“At first, I looked around but couldn't find the car I was dreaming about. So, I decided to build it myself.” We all know this famous sentence by Ferry Porsche, son of the founder Ferdinand Porsche Sr., and creator of Porsche's first production automobile, the 356.
Over the last decades the Porsche 356 become an icon in the classic car segment and a must-have for every car collector. But there is, at least for some of you, confusion when it comes to the variants of the German classic car. The Porsche 356 was produced in several model generations from 1948 to 1963 with a total output of 76,302 vehicles. All variants had a 4-cylinder rear engine and rear wheel drive.
1948-1955: 356 (original model)
The original 356, also called the “Urmodell” is the first sports car developed and produced by Porsche which was sold under the brand’s own name. Already at the beginning of production, the car could be purchased as a coupé or convertible and with four different engine types. The Porsche 356 Urmodell can be recognized by the two-piece windscreen made of toughened safety glass with a central bridge (from model year 1952 onwards, the windscreen was made of one piece with a bend in the middle known as “V-shaped glass”). The car had a continuous bench seat for the driver and front passenger as standard and single seats were only available on request. The initial selling price was 10,000 DM.
1955–1959: 356 A
The second model of the 356 (from autumn 1955) is called A-series and was produced throughout the entire production period in three body variants (Coupé, Cabrio, Speedster/Convertible D) with five engine types. New features introduced in this model included the now one-piece curved windshield and door glass made of toughened safety glass. In addition, the 356 A was available as a hardtop convertible from 1958 (i.e. convertible body with a fixed, removable hardtop).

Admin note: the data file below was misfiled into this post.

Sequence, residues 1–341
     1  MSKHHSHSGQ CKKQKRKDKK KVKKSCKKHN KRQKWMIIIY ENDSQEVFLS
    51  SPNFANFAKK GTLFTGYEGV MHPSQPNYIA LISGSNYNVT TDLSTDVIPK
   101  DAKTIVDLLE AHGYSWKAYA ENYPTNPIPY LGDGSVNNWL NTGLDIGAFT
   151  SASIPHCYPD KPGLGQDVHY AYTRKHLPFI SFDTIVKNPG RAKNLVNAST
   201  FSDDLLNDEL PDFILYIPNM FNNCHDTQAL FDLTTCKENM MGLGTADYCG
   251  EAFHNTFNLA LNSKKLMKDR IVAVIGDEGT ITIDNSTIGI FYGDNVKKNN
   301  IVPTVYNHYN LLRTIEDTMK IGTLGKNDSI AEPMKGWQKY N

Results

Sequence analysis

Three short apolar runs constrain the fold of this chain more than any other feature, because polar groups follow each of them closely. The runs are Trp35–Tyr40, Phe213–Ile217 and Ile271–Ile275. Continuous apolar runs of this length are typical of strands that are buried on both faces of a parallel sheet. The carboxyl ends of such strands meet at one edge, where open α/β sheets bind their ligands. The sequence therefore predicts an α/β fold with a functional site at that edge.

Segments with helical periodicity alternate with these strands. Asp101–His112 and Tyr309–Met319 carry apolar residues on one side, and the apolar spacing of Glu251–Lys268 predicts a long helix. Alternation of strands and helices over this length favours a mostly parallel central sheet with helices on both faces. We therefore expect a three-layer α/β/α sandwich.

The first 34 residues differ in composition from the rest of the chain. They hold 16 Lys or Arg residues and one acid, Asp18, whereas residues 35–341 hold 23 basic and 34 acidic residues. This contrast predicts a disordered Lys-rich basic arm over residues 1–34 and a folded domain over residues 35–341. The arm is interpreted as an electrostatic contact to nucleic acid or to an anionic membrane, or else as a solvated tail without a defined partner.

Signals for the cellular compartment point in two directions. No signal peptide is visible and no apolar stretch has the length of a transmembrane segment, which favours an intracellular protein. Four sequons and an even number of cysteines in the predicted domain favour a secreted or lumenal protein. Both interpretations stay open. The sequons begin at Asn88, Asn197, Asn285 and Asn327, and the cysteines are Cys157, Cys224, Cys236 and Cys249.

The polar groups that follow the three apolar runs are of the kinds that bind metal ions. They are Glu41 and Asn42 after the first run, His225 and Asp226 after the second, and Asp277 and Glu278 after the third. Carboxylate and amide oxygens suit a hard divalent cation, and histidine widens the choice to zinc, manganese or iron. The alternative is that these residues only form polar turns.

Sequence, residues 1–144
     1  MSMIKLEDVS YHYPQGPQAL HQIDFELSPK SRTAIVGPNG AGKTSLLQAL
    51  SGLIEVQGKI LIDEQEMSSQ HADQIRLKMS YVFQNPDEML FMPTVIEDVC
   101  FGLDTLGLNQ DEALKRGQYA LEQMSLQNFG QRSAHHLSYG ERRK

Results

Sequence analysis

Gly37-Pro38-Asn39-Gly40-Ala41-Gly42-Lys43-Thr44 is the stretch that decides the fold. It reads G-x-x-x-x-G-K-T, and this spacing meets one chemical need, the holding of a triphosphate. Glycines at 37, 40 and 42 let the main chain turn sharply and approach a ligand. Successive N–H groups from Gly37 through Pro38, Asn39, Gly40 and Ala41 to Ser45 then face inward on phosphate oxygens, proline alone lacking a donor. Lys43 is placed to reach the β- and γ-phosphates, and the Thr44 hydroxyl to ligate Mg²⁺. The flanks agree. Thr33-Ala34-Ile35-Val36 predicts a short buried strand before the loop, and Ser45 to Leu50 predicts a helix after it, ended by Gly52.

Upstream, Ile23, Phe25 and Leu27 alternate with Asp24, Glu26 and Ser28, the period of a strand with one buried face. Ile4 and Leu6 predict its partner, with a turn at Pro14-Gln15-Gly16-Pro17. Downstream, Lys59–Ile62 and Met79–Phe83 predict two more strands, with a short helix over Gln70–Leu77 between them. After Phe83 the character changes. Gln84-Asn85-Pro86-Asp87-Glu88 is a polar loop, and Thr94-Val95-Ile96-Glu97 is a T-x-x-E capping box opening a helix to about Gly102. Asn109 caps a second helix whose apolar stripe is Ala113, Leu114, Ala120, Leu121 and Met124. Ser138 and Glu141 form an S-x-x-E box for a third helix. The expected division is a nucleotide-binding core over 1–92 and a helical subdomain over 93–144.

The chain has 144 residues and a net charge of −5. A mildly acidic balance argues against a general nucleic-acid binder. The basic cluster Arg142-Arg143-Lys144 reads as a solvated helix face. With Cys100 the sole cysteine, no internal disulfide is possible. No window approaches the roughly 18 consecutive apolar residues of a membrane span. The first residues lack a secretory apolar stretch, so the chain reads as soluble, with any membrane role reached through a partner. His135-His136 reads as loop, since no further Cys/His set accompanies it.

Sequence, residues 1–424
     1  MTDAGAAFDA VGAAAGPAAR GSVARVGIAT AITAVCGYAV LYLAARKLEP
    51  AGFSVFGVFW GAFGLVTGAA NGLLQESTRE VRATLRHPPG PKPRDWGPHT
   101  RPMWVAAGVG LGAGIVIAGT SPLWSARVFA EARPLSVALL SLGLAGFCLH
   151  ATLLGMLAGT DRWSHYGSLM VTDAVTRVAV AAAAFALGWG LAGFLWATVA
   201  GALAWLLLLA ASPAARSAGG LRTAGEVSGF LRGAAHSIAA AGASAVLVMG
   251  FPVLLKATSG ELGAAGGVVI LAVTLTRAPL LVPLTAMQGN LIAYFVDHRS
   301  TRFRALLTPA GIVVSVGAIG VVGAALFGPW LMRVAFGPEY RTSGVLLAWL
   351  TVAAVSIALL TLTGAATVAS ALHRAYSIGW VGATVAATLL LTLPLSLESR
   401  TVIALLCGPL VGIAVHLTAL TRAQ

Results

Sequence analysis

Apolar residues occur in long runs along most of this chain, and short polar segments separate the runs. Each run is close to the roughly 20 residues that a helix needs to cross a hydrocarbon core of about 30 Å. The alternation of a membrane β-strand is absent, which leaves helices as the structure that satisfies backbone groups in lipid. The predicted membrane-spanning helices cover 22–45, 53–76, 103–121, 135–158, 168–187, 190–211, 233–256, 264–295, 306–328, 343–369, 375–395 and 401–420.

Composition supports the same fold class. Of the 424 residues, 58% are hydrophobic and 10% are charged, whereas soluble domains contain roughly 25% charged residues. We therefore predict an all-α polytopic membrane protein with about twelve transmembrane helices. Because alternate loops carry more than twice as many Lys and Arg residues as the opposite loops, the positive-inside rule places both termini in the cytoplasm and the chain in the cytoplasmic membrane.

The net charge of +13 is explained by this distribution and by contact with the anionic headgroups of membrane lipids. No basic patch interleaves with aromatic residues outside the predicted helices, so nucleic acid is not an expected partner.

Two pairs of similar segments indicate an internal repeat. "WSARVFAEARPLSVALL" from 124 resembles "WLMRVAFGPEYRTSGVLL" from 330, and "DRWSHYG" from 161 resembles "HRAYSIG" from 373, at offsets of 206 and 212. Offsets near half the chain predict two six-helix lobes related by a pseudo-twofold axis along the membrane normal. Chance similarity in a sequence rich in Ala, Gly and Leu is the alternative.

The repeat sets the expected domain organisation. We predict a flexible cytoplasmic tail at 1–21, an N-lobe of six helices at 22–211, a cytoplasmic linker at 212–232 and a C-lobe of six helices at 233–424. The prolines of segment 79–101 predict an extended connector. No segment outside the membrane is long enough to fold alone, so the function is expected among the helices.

1959–1963: 356 B
The Porsche 356 was extensively reworked in this model to make the car look more modern and elegant. The headlights and bumpers were raised which made the car look friendlier. The steering wheel was given a recessed hub, movable windows improved the supply of fresh air and the rear window was kept free of fogging by a heating nozzle.
1963–1965: 356 C
The 356 C largely corresponds to its predecessor. However, it differs externally due to its perforated disc wheels with new hubcaps (without Porsche emblems) and disc brakes on all four wheels. Production of the Porsche 911 started at the same time as the 356 C and 356 SC. In 1965 the Porsche 912 (4-cylinder engine, 90 hp) replaced the 356 as the "entry-level model" of the German brand. And since then, the car became an icon for car collectors.
We thank our friend Stephan Bauer (IG @stephan_bauer ) - one of the best photographers for classic and super cars - for the stunning pictures of this 356 Speedster. The Speedster was added to the range in 1954 and was initially intended to be a low-priced entry model for the US market by Max Hoffmann, a US importer. It was an open sports car with a flat windscreen and a fully retractable lower soft top than the convertible. The doors did not have crank windows, but rather plug windows. Bucket seats contributed to the sporty style of the model which was supplied with either the 1500 or 1500-S engine.
The forerunner of the Speedster was the American Roadster in 1952. It was built to suit the US market in a limited edition where only 15 units were produced (one of these vehicles remained in Germany), which makes the 15 cars the superstar amongst the 356 vehicles.
Initially sold for around 10,000 DM; the current market for extremely well-maintained models hits 200,000 USD and above.
A Porsche 356 Speedster, as shown on picture, is perfectly suited for a sunny hillside road in California. It’s where you can best enjoy the sunset and nostalgia of the car.
The 356 is the first car under Porsche’s own company brand name and, ever since, the whole brand has become a success story. The shape and the line of the 356 are unique within the automotive world and, thus, has every right to be called an icon.
Photography: Stephan Bauer IG: @stephan_bauer
*The car on the pictures is not the one we offer for sale.